I also went on to say I agreed with much of what Mr. Friedman says, and AMEN to Google. It even is in Michigan.

      But having lived in three states, one of course being Michigan, (I grew up in this state but lived outside of it for seven years) I have experienced the economies of manufacturing and service sector states. I agree that much of what Michigan has done, is old, rust-belt technology. But we can’t drive to our favorite destinations on Iphones, Ipods, and Netbooks. As great and cool as our newest technology gadgets are, we still need the dirty, mechanical machines that have survived into it’s third century. I have lived in this state to know that the machines and the people behind the machines can be a part of this turn-around. They enjoy the oily, dirty mechanical methods they have learned handed down from my parents, my grand-parents and even my great-grandparents. This region in Michigan is still home to 25% of the machinery that this country needs to keeps it’s mechanical infrastructure running.

      To make my point, ‘perfectly clear’ I saw the foreclosures in I came across this blog site and wanted to add my two cents worth. I actually posted this on Amazon.com in relation to comments poorly made by Thomas Friedman, author.

      In Dbusiness,(Detroit business magazine) March/April 2009 issue, on the cover is a letter to President Obama. The title is $60 trillion. Let me put this in numbers, 60,000,000,000,000 dollars. Yes that’s a 6 followed by 13 zeros.

      What does $60 trillion mean? The article states that is what the American auto industry has contributed to the national economy since 1900. Yes, in today’s dollars that is what the American auto industry has given to our country.

      There is no one alive in this country that was born without the automobile as a fact of American life. Though our oldest citizens, including my dad, can remember the horse led trucks that came through city streets of Detroit bringing ice, and other commodities to people’s homes.

      But the innovations that American car companies, such as Hudson Motors, Continental Motors, my dad worked at both, and other car companies including the Big Three, have contributed, assembly lines – the biggie, Model T which made the automobile affordable to many Americans thus reshaping their life forever, Eagle Boats for the U.S. Navy in 1917 for the U.S.’s pivotal role in this World War, Drive-In restaurants, drive-in theaters, Motels, Ford Airlines in 1926 so that the U.S. Government could have domestic airmail, shatter-resistant safety glass, Supermarkets starting in 1930, the General-Purpose vehicle in WWII – nicknamed the Jeep by GI’s, armaments, Apollo 11’s guidance and navigation system thanks to GM in 1969 as well as the Lunar Roving Vehicle for NASA and Apollo 15, Airbags, application of computers in 1978, built-in child safety seats in 1992, and during the 2000’s the industry got serious about fuel economy and alternative cars with hybrids and flex fuels.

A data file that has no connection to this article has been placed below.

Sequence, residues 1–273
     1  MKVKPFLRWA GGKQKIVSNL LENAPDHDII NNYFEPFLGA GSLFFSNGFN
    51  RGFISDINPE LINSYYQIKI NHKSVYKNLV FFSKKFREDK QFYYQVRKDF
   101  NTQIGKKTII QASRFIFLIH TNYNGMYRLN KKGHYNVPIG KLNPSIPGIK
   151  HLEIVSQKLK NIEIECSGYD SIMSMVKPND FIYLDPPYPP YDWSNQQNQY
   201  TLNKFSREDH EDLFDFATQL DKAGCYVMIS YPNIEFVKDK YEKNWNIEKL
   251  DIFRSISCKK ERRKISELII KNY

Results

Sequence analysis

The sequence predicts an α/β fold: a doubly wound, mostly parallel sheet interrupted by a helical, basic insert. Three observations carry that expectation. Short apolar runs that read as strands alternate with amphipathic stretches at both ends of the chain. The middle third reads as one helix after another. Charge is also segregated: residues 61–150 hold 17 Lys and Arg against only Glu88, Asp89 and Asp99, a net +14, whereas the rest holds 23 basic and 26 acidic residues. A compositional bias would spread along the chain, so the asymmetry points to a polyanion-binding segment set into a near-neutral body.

I also went on to say I agreed with much of what Mr. Friedman says, and AMEN to Google. It even is in Michigan.

      But having lived in three states, one of course being Michigan, (I grew up in this state but lived outside of it for seven years) I have experienced the economies of manufacturing and service sector states. I agree that much of what Michigan has done, is old, rust-belt technology. But we can’t drive to our favorite destinations on Iphones, Ipods, and Netbooks. As great and cool as our newest technology gadgets are, we still need the dirty, mechanical machines that have survived into it’s third century. I have lived in this state to know that the machines and the people behind the machines can be a part of this turn-around. They enjoy the oily, dirty mechanical methods they have learned handed down from my parents, my grand-parents and even my great-grandparents. This region in Michigan is still home to 25% of the machinery that this country needs to keeps it’s mechanical infrastructure running.

      To make my point, ‘perfectly clear’ I saw the foreclosures in Sausilito, the wealthiest suburb of San Franciso three years ago. It isn’t therefore surprising that California has joined Arizona, and Florida in an economic downturn. I truly don’t believe this country will survive economically if Michigan, along with its neighboring industrial states of Indiana, Ohio and Ontario, Canada to sink.

      Then the mechanical energy needed to make the electrical energy needed to run the chemical and electronic circuits in your Blackberies, Pres and Iphones won’t be there.

      Maybe that is why Robert Redford, Bill Cosby, Jay Leno and other celebrities are willing to advertise Michigan as a great place to do business.

      Hi-Tech business and you won’t find a more beautiful state in the Midwest than Michigan!

    25. bdprog Says:

      My post of a couple of days ago has some of the paragraphs repeated and I apoligize for that. I won’t re-enter the parts that somehow were inserted twice, unless requested.

    26. Shannon Love Says: